Communication adjunct Alex Semchuck dropped off two copies of his documentary “Stagnant Hope: Gary, Indiana,” one for me and the other for the Calumet Regional Archives. If critics thought “My Name Is Gary” was negative, it was downright cheery compared to “Stagnant Hope.” Describing “The city of the century . . . a century later,” Semchuck stated:
“It took Gary, Indiana less than 20 years to grow from a fledgling company town to a mini-Chicago. After several decades of prosperity, it took roughly the same amount of time to resemble a post-industrial ghost town. For decades the place known as the ‘Miracle City of the 20th Century’ has been plagued with a series of social, economic, and perceptual problems that is keeping it fighting for its life in the 21st century.”
IUN librarian Tim Sutherland invited the Archives staff to a Holiday lunch. With plenty of meat choices, I opted for a juicy beef sandwich, salad, scalloped potatoes, and chocolate cake. I sat with feisty Anne Koehler, who earlier in the day had ordered William Mann’s “Behind the Screen: How Gays and lesbians Shaped Hollywood” for me through interlibrary loan. I told her about Alissa’s recent visit to Berlin, where her sister lives.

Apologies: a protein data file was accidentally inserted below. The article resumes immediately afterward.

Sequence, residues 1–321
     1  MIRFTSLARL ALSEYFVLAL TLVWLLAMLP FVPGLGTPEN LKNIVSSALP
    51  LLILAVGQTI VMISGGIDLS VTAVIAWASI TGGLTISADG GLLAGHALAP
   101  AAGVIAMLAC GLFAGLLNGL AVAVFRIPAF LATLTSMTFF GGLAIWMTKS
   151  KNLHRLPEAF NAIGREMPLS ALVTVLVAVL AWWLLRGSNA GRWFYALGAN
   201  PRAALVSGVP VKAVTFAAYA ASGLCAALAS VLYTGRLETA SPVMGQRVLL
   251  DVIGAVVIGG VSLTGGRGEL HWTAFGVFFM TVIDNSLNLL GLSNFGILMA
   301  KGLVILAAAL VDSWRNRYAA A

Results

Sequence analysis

Dr. William Scholl
At Lake County Welcome Center John Davies hosted the tenth annual Legends Wall of Fame ceremony with customary enthusiasm and panache. The inductees included astronaut Frank Borman, inventor Neil Ruzic, Medal of Honor recipient Frank Ono, and podiatrist William M. Scholl, founder of Dr. School’s, one of the most successful businesses of the twentieth century. I had on a pair of Dr. Scholl’s shoes for the occasion. Like me, Tim Sutherland attended, in part to validate Steve McShane’s invaluable participation in the selection process and preparation of the plaque citations.
The only honoree still alive, Frank Borman, 88, resides in Montana but lived in Gary the first six years of his life until his family moved to Arizona because the polluted air from the steel mills cause Frank to suffer from chronic sinus infections. Nearly a half-century before Gary’s birth as a company town, Borman’s great-grandfather Christopher Bormann moved to Tolleston, a German community later annexed to Gary. A native of Hanover, Germany, he had found work as a tuba player in a traveling circus. Anxious to avoid conscription during the Civil war, he planned on moving west and boarded a train. According to family lore at the Tolleston depot a conductor bellowed: ‘All immigrants get off here.’ Bormann dutifully obeyed, perhaps thinking he had reached his destination, Texas. He eventually opened a trading post that housed Tolleston’s first post office.